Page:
Anita is a well-groomed, attractive woman of about 40 and holds a bachelor’s degree in education and English from the University of Santiago. In the past, she worked as a tour guide. Back then, “Life was good. After spending a whole day with tourists – at the pool, on tours, dancing – they would often come to my room that night or the next morning and bring a gift. Once it was a lighter, another time a pen, once a bottle of shampoo. It usually wasn’t money, but rather things that really improved my life.” When her daughter, now nine, was born, she and her husband moved to Havana and she had to stop working in tourism.

Anita tried to explain to me the difference between the “Cuba of the tourists” and the “Cuba of the Cubans.” For example, why in Cuba there are two kinds of currencies, and why there are stores just for Cubans and stores just for tourists. When Cuba was opened to tourism, one could use the local currency, the peso, as well as American dollars. But the authorities quickly noticed the odd tendency of Cubans to keep the dollars they received from tourists underneath the floor tiles at home. The state, which didn’t profit at all from these exchanges, decided to ban the use of dollars and to introduce a new currency, the convertible peso, which would be worth about a dollar. The idea was for the tourist to come with dollars, change them into the new peso, and then use those to make purchases. The Cuban who received the convertible pesos from tourists would have to exchange them in the bank for regular Cuban pesos, and thus the state would profit all around.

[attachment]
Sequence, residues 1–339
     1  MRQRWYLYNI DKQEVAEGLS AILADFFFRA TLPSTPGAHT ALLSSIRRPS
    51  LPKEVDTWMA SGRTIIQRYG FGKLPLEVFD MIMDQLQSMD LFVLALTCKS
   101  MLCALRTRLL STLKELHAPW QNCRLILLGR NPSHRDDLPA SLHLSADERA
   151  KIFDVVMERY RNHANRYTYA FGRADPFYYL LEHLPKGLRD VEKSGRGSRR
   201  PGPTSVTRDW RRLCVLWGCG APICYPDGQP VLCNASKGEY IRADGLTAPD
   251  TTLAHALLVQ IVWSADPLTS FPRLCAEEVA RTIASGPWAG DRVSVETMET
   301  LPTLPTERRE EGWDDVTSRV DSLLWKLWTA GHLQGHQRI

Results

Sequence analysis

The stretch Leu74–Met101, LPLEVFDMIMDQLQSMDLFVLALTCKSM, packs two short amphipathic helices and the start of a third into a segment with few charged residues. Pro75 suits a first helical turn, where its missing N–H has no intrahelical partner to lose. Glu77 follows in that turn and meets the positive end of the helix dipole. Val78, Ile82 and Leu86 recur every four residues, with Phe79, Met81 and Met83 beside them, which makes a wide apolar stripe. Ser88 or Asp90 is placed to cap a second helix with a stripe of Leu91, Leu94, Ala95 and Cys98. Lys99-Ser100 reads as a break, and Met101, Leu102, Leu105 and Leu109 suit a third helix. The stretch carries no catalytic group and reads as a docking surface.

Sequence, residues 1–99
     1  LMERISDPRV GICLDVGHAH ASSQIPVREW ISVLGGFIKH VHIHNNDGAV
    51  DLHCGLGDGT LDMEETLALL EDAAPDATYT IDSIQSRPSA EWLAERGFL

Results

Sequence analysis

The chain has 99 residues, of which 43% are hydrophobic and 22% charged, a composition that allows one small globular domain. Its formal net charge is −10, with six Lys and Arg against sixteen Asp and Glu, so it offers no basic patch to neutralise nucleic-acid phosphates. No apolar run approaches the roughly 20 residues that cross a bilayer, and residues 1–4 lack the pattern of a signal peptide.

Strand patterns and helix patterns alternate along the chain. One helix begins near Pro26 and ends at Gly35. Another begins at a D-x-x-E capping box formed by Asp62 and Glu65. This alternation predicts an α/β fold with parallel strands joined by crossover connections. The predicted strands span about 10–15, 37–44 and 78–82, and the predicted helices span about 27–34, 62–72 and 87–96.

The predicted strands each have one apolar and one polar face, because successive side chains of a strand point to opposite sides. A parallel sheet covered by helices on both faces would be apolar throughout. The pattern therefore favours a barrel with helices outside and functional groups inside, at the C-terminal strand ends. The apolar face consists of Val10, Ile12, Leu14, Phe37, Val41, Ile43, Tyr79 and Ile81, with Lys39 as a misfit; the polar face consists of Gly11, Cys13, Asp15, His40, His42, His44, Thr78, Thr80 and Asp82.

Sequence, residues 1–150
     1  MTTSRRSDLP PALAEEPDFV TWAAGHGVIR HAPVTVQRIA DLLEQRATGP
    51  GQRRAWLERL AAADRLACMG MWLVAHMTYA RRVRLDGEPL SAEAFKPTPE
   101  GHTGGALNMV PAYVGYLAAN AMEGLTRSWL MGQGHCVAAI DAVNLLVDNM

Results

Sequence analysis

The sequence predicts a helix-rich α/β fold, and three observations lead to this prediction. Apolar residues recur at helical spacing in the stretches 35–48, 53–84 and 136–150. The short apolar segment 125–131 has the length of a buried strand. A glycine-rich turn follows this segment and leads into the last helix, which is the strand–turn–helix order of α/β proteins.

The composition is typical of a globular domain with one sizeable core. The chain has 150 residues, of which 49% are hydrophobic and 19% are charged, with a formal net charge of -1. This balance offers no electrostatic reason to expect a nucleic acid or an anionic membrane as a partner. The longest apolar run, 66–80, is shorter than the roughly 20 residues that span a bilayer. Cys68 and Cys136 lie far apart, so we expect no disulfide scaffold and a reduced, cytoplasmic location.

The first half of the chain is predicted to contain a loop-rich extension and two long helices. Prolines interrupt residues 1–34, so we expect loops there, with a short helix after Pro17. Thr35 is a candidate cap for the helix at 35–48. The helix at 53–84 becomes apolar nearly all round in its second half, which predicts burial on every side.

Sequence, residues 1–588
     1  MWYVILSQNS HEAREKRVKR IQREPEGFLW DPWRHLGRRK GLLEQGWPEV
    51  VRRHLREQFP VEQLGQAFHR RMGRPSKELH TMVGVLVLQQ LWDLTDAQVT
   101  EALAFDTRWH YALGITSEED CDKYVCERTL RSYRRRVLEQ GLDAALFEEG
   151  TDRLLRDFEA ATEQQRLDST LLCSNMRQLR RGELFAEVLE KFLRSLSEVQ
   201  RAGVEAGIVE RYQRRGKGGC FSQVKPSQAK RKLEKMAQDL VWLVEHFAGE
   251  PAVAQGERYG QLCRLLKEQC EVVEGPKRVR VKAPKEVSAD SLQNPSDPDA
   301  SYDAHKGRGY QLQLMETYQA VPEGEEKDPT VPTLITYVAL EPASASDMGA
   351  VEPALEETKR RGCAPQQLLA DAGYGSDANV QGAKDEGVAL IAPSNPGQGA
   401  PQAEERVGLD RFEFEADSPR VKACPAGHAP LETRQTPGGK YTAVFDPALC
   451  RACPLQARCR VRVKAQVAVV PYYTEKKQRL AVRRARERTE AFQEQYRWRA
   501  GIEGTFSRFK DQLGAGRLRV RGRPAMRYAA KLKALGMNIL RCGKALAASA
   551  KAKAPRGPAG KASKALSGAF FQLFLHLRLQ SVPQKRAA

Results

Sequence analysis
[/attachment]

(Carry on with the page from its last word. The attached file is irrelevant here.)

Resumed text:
Meanwhile, stores for tourists were opened where the only accepted currency was the convertible peso. At first, these were stores that sold cigarettes, rum, souvenirs, books and pictures. But later they expanded to include little supermarkets, restaurants, bars – and now there are even such stores selling furniture and appliances and just about anything else you could think of. In these stores the convertible peso is king: You cannot make any purchase there in Cuban pesos, and as noted, only Cubans who have contact with tourists can obtain the convertible pesos.

“Everything that’s ugly is ours, everything that’s beautiful is for the tourists,” Anita explains the system to me in simple terms. “The dark, small and dirty stores are ours. The nice clean ones are yours.” She herself is currently waiting for the time when she can go back to working in tourism, while working meanwhile as a bartender at a salary of $8 a month.

Government allocations

Havana Cathedral (photo: ClixYou)